“Give us grace seriously to lay to heart the great dangers we are in by our unhappy divisions; take away all hatred and prejudice, and whatever else may hinder us from godly union and concord…” (p. 818)

My lament began as I realized how often I pray without allowing the prayers to “come alive” in me.  Words remain on the level of words, even when they are words I believe.  But incarnation is our model–the Word becoming flesh.  And so with prayer. Until then, we have not prayed fully.

The Bride’s gown is torn, at least in part,  because we pray the right prayers without living them.  So, I continue to pray…

“Grant, Almighty God, that all who confess your Name may be united in your truth, live together in love, and reveal your glory in the world…” (p. 388).

“Build up your Church and glorify your Name…” (p. 549).

The way of love emerges from prayer; that is, realizing afresh what we have been saying, and offering ourselves to God as living sacrifices (Romans 12:1), so that the written prayers might become living prayers–for the sake of the Bride.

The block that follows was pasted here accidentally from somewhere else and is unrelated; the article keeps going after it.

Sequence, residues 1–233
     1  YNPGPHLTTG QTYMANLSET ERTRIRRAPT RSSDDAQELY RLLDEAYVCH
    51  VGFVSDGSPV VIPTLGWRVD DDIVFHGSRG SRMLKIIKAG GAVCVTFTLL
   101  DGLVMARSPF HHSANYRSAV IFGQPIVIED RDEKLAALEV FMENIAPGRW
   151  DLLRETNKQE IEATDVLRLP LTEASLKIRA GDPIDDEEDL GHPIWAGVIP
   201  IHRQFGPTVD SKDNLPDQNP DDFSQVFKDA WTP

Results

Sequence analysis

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In-Sight: For the Bride

I have come out of Lent with a heavy heart for the Church in general and my particular expression of it, The United Methodist Church.  The debate about homosexuality has reignited with great heat, enflamed by radical actions by one side and dogged resistence to those actions by the other side.  The longstanding drama has now entered another act–continuing the 40+ year plot of pain, provocation, partisanship, polarization, politicization, and (at the extremes) persecution.

I have come out of Lent convinced that the Bride of Christ is being abused. The Father of the Bride is hurting. The Son (Bridegroom) is in anguish, and the Spirit is grieving.  The Trinity is weeping.

The Bride’s gown is torn, being pulled apart by her siblings as they engage in a theological tug of war, leaving the Bride with nakedness, embarrassment and shame she was never meant to have.  And no matter what we think about it, no matter how we think it got that way, or what we think should be done—can we not at least agree to cry?

I have come out of Lent believing that now is a time for “the prayer of tears.”  Now is the time to say, “Enough is enough” and to seek a better way. We have passed the time when any Bride lover can believe that we are treating her as we should.